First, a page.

POLK COUNTY, Iowa –Graduate students from around the country are in Iowa this week enjoying nature. They’re also here to work as part of a four day residency program. Their goal is to repurpose something that’s common across the Iowa landscape.
Nine graduate students from around the country are in Polk County as part of RDG Planning and Design’s residency program. The design firm partnered with Polk County Conservation to tackle a design problem at Chichaqua Bottoms Greenbelt in northeast Polk County. The land includes three grain bins that are now empty.
Hans Klein-Hewett with RDG Planning and Design said, “It could be anything from something that is very practical and useful that the park could use. It could be something that is completely avant-garde, something we’ve never seen before.”
Chichaqua Bottoms Greenbelt features 9,000 acres of wetlands, prairie restoration, hiking trails, a bike trail, campgrounds, trap shooting, and hunting grounds, but no welcome center, research hub, or cabins. The students will address those needs while creating a design.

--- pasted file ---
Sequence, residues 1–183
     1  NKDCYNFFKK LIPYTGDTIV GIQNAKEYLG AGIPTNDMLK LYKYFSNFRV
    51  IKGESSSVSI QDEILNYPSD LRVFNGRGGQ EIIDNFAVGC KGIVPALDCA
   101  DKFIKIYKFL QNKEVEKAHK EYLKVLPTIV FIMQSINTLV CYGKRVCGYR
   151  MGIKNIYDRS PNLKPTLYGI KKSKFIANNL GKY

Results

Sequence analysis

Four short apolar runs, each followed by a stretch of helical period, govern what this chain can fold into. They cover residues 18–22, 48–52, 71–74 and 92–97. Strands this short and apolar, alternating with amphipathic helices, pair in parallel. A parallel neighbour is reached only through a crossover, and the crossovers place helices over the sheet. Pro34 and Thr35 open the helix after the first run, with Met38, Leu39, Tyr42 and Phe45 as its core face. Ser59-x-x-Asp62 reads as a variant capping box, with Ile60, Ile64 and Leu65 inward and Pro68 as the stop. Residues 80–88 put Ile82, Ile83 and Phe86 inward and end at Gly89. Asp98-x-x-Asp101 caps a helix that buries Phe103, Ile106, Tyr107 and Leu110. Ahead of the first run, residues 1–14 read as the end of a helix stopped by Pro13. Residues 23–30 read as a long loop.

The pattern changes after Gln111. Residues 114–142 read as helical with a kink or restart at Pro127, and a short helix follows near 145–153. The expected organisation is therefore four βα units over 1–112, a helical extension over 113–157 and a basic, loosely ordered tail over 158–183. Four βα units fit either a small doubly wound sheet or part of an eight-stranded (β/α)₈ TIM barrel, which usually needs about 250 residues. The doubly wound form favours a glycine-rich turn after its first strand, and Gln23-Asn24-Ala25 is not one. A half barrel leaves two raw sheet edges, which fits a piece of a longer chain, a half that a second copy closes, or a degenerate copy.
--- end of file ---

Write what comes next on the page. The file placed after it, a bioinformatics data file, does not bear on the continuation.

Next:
This is the 6th year for the program, and the graduate students have different academic backgrounds. Gabriella St. George said, “I now go to school in upstate New York in Hyde Park, so pretty much study culinary arts.”
Greg Sheward said, “I moved to Brooklyn, New York, and I study architecture at Pratt Institute.”
The students spent a day and a half exploring the greenbelt and will spend another two brainstorming at RDG’s office in downtown Des Moines, bringing together their diverse backgrounds to form a plan.
St. George said, “My thought was, obviously from my food background, to integrate something that would involve food to bring that locality and bring the agriculture and knowing food identity of Iowa into the grain bins.”
Sheward said, “To have some kind of interactive station for the kids to show what’s actually going on out here, where things are happening, and have opportunity to learn.”
You can see what they come up with. The students will present their plan to the Polk County Conservation Board Friday from 4:30 to 6:30. The public is invited to RDG Planning and Design’s office at 301 Grand Avenue for the presentation.